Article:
3 years ago

On the relative importance of CSR ecological strategies and integrative traits to explain species dominance at local scales

On the relative importance of CSR ecological strategies and integrative traits to explain species dominance at local scales
Bruno H. P. Rosado, Eduardo A. Mattos
Identifying ecological strategies based on functional traits has been one of the main focuses of studies on plant community assembly. Recently, an important and timely tool, ‘StrateFy’, has been proposed for detecting plant strategies across the globe according to the CSR scheme. The CSR scheme is undeniably efficient across scales, and distinct CSR strategies among species have been proposed to explain differing degrees of dominance among species. However, in a previous study we showed that dominance ranking of woody species in a resource-poor habitat (coastal sandy plain) was not explained by morphological traits commonly measured in functional approaches (such as those used to estimate CSR strategies), but by integrative traits (i.e. traits that are the result of different combinations of functional traits) more related to plant performance. Here, we used CSR analysis and StrateFy on a dataset collected on a coastal sandy plain to test the hypothesis that the dominance ranking would be compatible with the CSR strategies; that is, that dominant species would show a greater proportion of the stress-tolerance strategy (S%) than subordinate species. Contrary to our hypothesis, all species exhibited an S/CS strategy, and the most dominant species had neither similar values nor the highest S%. The inability of CSR analysis (as applied using StrateFy) to predict dominance ranking suggests that it can explain relative dominance when different strategies co-occur, but not in cases where dominant and subordinate plants share the same strategy. We argue that the relative importance of CSR and integrative traits for describing dominance ranking may depend on how CSR strategies are filtered in each environment. In environments where only a narrow range of strategy classes are viable, integrative traits may be more important for explaining variation in degrees of dominance. Thus, the ability of a given species to achieve dominance may depend on integrative traits resulting from multiple trait arrays, not necessarily captured by the specific leaf area, leaf dry mass content and leaf area measurements that are used to calculate the relative proportions of strategies in StrateFy. A lay summary is available for this article. Lay Summary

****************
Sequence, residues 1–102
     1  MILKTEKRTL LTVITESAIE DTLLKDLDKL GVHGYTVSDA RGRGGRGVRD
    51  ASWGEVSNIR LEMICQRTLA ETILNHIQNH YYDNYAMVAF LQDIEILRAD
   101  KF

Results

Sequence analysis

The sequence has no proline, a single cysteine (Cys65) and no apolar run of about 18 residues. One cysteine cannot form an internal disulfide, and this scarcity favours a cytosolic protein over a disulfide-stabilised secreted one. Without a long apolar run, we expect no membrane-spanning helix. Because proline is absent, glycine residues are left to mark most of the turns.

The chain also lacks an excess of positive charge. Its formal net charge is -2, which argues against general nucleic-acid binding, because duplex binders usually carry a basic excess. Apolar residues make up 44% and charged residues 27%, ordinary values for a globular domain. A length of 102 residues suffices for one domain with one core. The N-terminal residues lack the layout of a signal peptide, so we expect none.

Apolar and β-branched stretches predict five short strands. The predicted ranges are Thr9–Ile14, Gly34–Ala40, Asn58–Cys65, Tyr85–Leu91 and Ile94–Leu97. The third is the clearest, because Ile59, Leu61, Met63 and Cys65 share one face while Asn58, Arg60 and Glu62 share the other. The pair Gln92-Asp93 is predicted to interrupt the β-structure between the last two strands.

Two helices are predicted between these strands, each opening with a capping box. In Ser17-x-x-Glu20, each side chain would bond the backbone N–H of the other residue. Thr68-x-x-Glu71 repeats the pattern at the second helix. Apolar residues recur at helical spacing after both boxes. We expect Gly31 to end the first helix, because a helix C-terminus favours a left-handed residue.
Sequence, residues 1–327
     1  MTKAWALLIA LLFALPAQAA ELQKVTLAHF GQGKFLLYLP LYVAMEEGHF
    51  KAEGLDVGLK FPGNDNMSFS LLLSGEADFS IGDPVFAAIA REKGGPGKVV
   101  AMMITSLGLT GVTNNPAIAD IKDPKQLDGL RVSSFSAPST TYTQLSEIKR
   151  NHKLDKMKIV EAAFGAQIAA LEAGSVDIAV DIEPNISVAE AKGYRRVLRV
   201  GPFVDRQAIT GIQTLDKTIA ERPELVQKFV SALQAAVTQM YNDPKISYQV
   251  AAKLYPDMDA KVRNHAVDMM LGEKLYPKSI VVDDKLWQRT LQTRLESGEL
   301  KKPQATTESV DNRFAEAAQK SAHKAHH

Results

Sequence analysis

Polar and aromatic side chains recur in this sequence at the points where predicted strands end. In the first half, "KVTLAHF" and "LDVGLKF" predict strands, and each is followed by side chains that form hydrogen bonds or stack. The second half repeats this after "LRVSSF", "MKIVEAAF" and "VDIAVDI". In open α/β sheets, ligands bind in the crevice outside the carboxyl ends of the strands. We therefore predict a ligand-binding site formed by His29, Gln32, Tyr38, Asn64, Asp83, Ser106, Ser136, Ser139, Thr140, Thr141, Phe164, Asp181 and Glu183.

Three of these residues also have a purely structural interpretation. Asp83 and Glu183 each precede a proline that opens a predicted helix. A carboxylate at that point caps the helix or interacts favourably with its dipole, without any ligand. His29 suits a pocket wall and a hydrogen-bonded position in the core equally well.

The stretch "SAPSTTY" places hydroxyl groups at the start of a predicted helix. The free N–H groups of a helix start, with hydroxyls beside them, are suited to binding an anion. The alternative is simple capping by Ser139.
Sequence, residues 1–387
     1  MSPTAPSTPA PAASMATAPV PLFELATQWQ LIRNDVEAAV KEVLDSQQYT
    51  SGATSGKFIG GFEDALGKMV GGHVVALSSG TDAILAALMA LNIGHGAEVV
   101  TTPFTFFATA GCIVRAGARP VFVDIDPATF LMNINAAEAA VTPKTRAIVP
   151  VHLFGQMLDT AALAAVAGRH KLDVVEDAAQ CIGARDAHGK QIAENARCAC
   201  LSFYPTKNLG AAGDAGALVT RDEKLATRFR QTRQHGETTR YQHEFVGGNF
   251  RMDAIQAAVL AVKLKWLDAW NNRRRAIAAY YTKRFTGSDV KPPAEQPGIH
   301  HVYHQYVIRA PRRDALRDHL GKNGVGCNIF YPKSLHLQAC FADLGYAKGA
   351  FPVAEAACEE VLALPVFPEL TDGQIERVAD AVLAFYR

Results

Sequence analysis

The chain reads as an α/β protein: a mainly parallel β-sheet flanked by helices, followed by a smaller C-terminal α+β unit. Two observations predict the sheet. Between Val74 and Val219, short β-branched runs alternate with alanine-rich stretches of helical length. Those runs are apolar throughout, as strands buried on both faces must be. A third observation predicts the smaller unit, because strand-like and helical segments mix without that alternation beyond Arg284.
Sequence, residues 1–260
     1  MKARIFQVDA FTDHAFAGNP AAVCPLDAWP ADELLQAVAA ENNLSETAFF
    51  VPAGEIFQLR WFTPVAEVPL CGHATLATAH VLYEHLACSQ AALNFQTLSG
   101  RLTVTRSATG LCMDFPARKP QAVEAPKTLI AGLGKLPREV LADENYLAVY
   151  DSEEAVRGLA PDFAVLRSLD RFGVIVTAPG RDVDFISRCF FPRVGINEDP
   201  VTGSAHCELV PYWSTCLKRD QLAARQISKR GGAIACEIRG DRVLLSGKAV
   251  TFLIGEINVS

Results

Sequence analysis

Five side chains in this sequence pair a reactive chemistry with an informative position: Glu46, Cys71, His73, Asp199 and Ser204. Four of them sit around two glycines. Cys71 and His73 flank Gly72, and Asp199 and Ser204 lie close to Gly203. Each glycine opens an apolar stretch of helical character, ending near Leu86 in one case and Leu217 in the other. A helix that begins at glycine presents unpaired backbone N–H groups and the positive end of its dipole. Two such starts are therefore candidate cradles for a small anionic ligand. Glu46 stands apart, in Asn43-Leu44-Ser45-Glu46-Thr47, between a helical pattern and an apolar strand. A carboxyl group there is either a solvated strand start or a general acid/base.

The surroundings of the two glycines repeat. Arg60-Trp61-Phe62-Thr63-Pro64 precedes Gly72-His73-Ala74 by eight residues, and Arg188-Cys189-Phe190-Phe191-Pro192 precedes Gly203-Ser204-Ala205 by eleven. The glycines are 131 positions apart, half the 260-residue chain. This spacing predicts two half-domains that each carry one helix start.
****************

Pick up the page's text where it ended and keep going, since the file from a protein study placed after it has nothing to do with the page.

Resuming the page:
Publisher URL: http://onlinelibrary.wiley.com/resolve/doi

DOI: 10.1111/1365-2435.12894

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